An American man has been extradited to Germany to face charges that he raped and murdered a 19-year-old woman near where he worked on a U.S. military base 25 years ago, police said Monday.

Robert Brown, a 49-year-old maintenance worker from Baltimore, was turned over by U.S. Marshals to Hesse state police and flown to Germany on Sunday, German police said. A judge ordered him to remain in custody pending formal charges.

Brown is accused of the 1984 rape and murder of Nicola Stiel, a German teen from the western town of Bad Kreuznach.

Despite an alleged jailhouse confession from Brown, German authorities were unable to come up with enough evidence for nearly two decades until advances in DNA technology gave them the breakthrough they needed in 2002, police said.

"Through these (DNA) results and further investigation, the suspect ... became again a focus of the investigators," Hesse police said in a statement.

Hesse police said they did not yet know who was representing Brown, who faces a possible life sentence in prison if convicted.

Brown was a maintenance worker at a northeast Baltimore apartment complex until his arrest in 2007 by the FBI on an international warrant from German authorities.

Brown served in the U.S. Army from 1978 to 1982 and was a private, according to his service records and American court documents. After leaving the service in the U.S., he returned to Germany in 1983, according to German police.

He working as a civilian employee on a nearby U.S. Air Force base — which has now been shuttered — and doing odd jobs, according to U.S. court files.

German prosecutors allege Brown and Stiel met in August 1984, based on an entry in a diary the teen kept, U.S. court files show, and two days later, on Aug. 4, 1984, they went on a car trip.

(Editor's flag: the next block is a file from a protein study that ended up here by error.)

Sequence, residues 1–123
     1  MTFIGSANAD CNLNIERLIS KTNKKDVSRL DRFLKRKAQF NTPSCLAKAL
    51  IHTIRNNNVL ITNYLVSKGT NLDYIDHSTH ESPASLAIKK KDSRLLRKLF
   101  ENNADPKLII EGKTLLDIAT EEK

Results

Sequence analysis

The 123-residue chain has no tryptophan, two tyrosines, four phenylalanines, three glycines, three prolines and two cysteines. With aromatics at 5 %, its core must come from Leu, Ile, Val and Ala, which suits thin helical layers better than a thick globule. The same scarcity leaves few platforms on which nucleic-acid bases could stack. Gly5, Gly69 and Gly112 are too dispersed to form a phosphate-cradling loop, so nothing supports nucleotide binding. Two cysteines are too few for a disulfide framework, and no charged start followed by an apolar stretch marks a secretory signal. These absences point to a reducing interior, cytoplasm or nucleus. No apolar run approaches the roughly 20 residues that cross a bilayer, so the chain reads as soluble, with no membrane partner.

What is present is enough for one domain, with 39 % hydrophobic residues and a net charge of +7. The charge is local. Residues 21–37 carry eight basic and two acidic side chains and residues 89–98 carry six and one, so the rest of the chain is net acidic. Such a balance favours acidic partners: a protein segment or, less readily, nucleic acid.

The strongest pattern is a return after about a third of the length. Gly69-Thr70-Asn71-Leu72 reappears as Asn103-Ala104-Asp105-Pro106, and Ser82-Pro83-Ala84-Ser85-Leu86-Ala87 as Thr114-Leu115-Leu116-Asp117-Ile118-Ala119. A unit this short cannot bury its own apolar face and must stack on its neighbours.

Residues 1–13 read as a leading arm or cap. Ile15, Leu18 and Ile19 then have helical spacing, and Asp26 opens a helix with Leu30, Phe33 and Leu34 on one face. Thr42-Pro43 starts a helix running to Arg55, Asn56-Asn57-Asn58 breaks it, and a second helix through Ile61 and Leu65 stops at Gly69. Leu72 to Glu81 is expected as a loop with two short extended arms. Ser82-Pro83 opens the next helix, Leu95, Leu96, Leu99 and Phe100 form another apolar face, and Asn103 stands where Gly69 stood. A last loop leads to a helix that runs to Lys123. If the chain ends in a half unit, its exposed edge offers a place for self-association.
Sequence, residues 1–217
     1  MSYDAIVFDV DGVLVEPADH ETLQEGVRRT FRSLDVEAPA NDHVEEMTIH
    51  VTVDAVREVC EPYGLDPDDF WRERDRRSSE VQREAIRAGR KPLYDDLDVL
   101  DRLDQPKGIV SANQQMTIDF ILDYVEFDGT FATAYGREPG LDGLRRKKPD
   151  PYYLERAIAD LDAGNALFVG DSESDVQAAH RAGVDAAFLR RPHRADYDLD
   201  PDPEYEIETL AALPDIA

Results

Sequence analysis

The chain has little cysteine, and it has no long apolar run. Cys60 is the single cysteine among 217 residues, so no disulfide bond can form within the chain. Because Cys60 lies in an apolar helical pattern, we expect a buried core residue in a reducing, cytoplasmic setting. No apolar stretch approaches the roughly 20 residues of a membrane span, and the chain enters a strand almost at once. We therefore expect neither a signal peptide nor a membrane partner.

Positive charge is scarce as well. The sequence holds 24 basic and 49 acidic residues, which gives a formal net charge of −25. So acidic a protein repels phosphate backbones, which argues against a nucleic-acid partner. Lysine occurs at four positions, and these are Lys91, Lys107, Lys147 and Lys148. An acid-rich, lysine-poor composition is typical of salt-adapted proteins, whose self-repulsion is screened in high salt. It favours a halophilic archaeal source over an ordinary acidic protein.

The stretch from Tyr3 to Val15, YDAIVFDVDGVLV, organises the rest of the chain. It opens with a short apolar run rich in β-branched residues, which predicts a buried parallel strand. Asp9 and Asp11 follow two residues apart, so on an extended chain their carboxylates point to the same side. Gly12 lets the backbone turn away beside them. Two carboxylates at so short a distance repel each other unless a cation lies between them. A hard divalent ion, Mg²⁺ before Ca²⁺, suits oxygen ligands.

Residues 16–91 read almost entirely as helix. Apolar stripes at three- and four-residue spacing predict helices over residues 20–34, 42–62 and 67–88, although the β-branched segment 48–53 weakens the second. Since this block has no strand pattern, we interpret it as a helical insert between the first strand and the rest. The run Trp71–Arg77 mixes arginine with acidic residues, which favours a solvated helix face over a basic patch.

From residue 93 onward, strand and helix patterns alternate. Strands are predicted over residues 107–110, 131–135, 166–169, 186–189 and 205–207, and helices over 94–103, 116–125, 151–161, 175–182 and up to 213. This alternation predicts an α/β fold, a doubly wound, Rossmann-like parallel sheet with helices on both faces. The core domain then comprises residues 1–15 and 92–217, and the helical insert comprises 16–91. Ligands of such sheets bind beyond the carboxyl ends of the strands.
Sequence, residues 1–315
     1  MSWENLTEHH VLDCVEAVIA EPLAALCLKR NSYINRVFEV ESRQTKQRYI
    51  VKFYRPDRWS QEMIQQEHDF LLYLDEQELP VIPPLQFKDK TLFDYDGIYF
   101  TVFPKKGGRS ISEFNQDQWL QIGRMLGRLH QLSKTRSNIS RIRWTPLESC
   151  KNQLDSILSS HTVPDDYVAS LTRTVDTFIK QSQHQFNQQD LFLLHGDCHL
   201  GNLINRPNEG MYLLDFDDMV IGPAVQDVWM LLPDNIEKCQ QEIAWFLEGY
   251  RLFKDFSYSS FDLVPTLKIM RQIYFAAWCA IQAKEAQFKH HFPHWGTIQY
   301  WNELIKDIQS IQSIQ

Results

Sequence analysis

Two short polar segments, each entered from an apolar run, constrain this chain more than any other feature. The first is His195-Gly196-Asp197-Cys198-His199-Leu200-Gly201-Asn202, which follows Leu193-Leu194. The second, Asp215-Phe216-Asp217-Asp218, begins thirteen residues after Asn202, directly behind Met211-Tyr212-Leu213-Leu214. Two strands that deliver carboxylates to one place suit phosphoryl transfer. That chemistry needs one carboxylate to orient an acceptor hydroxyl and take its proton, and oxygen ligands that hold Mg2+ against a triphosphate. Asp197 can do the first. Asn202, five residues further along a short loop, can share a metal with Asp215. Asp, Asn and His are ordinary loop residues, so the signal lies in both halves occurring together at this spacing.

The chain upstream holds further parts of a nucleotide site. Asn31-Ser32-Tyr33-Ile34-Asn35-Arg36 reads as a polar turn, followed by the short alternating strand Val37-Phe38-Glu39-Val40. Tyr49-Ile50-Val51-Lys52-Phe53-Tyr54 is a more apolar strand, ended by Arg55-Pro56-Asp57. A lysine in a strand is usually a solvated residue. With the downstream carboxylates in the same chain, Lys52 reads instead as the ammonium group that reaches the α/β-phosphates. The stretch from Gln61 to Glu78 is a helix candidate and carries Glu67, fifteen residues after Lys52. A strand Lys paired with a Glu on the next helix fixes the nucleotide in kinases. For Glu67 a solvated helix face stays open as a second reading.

At an unknown location on that journey, Brown struck Stiel and raped her, then strangled her to prevent her from reporting the rape, according to court documents.

A passer-by found Stiel's body the next day in the woods between Bad Homburg and Friedrichdorf. Tracks nearby matched the tires of a car rented by Brown at the time, according to the criminal complaint.

Three days after the discovery of the body, Brown left Germany "to escape from the German criminal authorities," according to the German arrest warrant.

A trace of semen was found on Stiel's slacks, but DNA technology in 1984 was not as advanced as it is today, so it couldn't be used at the time, the U.S. attorney's office has said.

While in Graterford Prison in Pennsylvania, where he was serving time on robbery charges in the later 1980s, Brown bragged to a cellmate that he had raped and killed a woman, according to U.S. court documents.

The cellmate told German investigators in 1988 about Brown's comments. Brown was interviewed on Dec. 5, 1988 by German authorities about Stiel's slaying, but refused to give a statement.